The not-so-golden times of Kremnica

THIS reproduction of a painting by Vojtech Angyal shows the yard of a house owned by a not so very well-off family living in Kremnica. Although the town is famous for its silver and gold works, much less is known about the individuals who once ensured this production of wealth through a number of minor but crucial jobs.

THIS reproduction of a painting by Vojtech Angyal shows the yard of a house owned by a not so very well-off family living in Kremnica. Although the town is famous for its silver and gold works, much less is known about the individuals who once ensured this production of wealth through a number of minor but crucial jobs.

These were not only the hundreds of miners, metalworkers and stamp-mill workers employed directly in the mines but also the many craftsmen who earned their living by processing the ore. In addition, the rich families managing the mining companies employed a considerable number of servants and a significant part of the population also worked at the Kremnica mint.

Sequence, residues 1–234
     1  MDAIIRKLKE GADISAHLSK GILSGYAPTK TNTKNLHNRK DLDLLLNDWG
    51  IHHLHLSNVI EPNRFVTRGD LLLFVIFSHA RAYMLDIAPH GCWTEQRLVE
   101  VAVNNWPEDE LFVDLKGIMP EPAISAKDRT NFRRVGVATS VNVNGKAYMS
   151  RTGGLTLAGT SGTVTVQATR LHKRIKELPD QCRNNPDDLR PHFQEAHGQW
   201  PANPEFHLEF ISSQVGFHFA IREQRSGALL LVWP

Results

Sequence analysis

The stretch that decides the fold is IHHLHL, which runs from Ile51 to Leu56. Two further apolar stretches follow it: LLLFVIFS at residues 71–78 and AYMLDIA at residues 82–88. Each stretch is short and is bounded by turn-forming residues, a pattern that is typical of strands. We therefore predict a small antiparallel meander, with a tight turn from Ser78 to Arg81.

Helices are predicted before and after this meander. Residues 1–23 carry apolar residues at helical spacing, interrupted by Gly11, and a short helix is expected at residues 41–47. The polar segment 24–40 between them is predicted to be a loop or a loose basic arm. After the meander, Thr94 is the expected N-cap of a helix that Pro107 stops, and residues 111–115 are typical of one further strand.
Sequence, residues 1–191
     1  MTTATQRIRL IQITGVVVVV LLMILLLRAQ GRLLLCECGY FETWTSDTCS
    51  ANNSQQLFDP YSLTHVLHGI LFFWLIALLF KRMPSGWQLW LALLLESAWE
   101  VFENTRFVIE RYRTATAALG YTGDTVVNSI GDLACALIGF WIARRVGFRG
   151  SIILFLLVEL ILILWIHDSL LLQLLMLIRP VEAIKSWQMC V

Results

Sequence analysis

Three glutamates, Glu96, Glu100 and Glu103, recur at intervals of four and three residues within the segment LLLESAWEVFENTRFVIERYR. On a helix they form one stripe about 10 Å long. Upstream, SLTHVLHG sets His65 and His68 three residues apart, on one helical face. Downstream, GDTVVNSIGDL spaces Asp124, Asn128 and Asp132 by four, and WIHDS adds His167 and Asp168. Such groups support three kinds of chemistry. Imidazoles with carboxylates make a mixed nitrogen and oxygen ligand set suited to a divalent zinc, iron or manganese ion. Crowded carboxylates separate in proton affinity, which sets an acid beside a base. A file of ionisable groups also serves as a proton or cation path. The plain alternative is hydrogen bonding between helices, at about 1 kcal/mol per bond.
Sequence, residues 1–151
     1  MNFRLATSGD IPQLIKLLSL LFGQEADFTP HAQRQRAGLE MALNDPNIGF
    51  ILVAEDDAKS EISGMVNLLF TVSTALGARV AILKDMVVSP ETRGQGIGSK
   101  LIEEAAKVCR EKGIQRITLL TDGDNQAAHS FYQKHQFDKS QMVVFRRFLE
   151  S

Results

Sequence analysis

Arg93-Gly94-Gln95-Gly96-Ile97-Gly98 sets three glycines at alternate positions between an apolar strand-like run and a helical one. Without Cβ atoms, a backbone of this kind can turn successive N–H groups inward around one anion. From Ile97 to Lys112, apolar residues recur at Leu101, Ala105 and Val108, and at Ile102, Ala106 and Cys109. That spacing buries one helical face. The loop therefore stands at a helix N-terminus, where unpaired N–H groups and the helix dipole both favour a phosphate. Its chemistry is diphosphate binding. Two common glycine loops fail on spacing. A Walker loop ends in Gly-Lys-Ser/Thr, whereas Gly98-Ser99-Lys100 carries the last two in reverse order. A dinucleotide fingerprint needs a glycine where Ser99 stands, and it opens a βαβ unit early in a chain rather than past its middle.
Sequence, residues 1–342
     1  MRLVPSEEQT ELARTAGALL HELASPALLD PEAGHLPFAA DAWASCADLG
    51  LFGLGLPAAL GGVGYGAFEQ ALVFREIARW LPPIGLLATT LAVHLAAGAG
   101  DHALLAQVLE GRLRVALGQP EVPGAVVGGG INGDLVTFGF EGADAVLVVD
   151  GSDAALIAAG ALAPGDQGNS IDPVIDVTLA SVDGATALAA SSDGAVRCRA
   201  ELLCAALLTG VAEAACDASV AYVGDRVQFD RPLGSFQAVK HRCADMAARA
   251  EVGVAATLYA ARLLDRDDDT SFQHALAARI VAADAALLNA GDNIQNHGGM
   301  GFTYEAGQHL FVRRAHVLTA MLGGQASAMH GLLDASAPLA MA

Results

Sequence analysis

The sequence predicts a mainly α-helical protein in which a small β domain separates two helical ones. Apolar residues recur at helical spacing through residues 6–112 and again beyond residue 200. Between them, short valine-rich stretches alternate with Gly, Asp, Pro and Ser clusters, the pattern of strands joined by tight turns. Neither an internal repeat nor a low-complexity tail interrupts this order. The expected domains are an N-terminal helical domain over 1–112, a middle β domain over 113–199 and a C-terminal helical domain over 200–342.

In 1767, for example, the state-owned mining industry employed 1,299 workers who indirectly supported around 10,000 people more.

Though the fates of a great majority of these individuals remained unknown, some made it to the annals of history thanks to various unusual deeds. This was the case of Lorenz Daubner, from the village of Sklené, who played an interesting role during a visit to Kremnica by Holy Roman Emperor Francis I in 1751.

As supernatural forces were still believed to exist in those times, a mine dwarf called permoník had to be present during the Emperor’s visit. Daubner, who was of extremely short stature, probably suffering from dwarfism, was dressed up like a real dwarf and lifted to Francis I by one of his horsemen to present a few pieces of gold from the Kremnica mines. Nobody has heard of Daubner ever since, but his name has been somehow passed on until today.

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